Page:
Lost Cause Terrorism

Lost Cause Terrorism

McCann (2006), defines lost cause terrorism as “acts of political violence where members of a group have lost a battle and act out in a final display of defiance or rebellion” (p. 9).  In the United States, one of the earliest and most noteworthy acts of lost cause terrorism was the assassination of Abraham Lincoln. Much debate has been had on the mental status of the assassin, John Wilks Booth. However, a political assassin cannot be judged merely by the enormity of the crime and then assumed that only a deranged lunatic could commit such an atrocity.

A study of assassins conducted by the Secret Service demonstrated that an “act of political assassination is nearly always the product of an understandable and discernible pattern of thinking and planning, and targeted violence is generally not the product of a derange or mentally ill individual” (McCann, 2006. p. 10).

If you have not yet seen it, Mike Rowe told the story of the assassination of Lincoln on his Facebook under ‘The Way I Heard It’; an interesting story of the similarities of the conditions surrounding Lincoln’s time and present day politics. Some ridiculed Rowe for his comparison of Lincoln and Trump but to that end, he had this to say;

Two Republicans, each of whom believed they were going to lose the election, wound up winning. Each candidate was viscerally hated by half the country, each vowed to transform the border, each treated the press with contempt, and each was considered by many to be a “tyrant.” One hundred and fifty years ago, a lot of Americans were absolutely convinced that Abraham Lincoln was an “illegitimate president.” Many today feel the same about Trump.

This article is not about Trump or Lincoln, but the behavior of those who have resisted change; those few who have so rejected what the rest of the country voted for that they are willing to terrorize a nation for their lost cause. This article is about terrorism for the sake of egoism. Terrorism based on the inability to obtain one’s idealistic ways. A violent temper tantrum, if you will.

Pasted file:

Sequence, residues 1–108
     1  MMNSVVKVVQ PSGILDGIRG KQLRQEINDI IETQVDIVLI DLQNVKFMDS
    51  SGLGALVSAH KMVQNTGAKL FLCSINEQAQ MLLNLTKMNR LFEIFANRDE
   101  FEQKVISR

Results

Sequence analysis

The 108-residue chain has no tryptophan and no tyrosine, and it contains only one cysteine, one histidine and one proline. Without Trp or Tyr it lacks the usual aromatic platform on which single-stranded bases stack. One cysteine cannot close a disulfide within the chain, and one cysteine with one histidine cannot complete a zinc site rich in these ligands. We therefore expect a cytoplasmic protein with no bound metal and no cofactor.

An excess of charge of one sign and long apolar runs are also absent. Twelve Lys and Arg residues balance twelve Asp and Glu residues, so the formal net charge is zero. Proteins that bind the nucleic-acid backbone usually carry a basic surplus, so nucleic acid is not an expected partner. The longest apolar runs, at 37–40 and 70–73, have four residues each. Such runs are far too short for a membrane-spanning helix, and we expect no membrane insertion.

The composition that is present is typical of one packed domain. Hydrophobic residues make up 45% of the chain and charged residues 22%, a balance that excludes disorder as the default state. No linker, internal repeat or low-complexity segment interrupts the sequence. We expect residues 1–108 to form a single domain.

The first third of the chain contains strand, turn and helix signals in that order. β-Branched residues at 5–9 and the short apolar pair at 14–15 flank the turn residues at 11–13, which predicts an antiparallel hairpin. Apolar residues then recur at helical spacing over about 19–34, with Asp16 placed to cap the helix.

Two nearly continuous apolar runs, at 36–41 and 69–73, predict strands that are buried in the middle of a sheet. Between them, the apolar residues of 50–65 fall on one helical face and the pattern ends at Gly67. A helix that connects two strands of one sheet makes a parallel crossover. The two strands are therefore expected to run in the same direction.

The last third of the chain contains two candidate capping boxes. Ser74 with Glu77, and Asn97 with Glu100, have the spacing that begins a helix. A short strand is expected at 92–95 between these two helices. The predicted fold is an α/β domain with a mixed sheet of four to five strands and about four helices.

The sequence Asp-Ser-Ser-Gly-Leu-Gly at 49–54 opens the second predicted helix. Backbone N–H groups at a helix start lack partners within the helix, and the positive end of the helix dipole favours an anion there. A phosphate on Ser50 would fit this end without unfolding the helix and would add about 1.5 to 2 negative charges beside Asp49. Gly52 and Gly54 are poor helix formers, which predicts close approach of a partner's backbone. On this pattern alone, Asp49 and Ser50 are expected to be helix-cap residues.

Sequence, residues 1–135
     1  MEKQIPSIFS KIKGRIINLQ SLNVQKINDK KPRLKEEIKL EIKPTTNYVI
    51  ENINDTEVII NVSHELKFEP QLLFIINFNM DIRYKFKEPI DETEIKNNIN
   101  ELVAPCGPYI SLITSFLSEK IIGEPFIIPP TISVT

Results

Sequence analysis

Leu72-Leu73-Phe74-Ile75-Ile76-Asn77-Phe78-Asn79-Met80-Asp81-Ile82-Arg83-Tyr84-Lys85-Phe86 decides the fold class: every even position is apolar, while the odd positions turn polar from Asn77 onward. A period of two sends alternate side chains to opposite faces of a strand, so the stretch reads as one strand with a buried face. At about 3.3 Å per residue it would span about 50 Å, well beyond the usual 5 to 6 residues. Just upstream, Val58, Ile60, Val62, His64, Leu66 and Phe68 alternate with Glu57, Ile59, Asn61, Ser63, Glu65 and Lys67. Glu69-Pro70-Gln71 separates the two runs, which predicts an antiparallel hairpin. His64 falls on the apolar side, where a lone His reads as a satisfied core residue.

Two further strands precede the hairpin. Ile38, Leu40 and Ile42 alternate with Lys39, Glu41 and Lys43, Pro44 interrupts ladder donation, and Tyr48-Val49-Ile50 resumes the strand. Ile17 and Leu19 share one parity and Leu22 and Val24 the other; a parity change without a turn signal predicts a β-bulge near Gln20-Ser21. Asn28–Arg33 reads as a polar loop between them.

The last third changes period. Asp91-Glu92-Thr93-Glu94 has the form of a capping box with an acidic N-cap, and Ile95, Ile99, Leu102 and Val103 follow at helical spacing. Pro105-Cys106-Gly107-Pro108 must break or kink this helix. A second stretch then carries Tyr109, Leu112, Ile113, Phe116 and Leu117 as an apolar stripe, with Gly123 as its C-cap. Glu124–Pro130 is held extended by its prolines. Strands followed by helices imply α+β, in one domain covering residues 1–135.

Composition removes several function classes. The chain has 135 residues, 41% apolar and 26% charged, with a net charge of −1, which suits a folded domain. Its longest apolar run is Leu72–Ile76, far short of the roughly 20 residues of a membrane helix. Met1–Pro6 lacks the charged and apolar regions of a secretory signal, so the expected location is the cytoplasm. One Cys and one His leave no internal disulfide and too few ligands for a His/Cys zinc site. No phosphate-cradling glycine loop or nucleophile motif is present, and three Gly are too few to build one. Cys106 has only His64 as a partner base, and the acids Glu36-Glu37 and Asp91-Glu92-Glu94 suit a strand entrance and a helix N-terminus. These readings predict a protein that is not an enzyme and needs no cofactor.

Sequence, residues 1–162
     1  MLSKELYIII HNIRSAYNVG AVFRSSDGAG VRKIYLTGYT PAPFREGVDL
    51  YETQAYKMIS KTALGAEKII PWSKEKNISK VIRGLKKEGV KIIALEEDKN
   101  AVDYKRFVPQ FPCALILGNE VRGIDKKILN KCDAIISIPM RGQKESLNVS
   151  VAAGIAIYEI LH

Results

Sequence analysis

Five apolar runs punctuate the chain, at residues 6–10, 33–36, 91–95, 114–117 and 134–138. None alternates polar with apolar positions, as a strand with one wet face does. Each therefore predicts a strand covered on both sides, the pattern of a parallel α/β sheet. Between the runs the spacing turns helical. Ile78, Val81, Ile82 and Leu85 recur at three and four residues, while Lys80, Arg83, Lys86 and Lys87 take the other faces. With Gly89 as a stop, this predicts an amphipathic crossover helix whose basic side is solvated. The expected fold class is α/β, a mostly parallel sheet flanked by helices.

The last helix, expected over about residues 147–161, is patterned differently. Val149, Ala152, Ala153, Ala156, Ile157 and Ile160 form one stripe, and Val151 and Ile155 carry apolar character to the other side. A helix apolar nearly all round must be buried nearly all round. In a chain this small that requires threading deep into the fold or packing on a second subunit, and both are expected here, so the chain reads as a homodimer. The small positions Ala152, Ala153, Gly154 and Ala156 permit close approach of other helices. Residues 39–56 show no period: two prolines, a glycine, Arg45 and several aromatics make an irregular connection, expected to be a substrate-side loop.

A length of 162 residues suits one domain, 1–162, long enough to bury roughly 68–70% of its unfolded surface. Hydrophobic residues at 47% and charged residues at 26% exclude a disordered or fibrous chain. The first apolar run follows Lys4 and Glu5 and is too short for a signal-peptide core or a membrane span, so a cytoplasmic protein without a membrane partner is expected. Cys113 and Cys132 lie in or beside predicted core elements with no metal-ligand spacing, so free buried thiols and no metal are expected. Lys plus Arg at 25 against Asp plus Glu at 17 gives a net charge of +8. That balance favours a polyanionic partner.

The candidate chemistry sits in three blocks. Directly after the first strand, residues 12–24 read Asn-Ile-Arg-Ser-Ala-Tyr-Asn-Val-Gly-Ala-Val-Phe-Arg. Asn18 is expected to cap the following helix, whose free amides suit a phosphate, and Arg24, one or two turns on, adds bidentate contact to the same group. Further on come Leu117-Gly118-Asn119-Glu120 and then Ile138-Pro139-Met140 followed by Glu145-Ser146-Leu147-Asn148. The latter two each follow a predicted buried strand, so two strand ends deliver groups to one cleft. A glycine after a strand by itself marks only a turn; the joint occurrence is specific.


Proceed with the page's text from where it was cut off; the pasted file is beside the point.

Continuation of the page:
Freedom of speech is something that many of my family members and close friends have fought for, and even more, have sacrificed their lives to defend. I am a staunch supporter of such rights, as well as the right to protest. However, the idea that the right to protest encompasses the destruction of property, obstruction of major roadways, violence, assault, and inciting riots among other criminal acts; is ludicrous.

As a member of the security industry, I can assure you that my goal is to protect those who are at risk from these few but destructive groups that believe their actions are protected by the Constitution of the United States. Let me assure you; they are not. Terrorism, according to the FBI is the “unlawful use of force or violence against persons or property to intimidate or coerce a government, the civilian population, or any segment thereof, in furtherance of political or social objectives.”  These violent protesters and their acts of civil discord do, in fact, fall within this description. It is important that we begin calling it what it is so that our response to the threat is appropriate.


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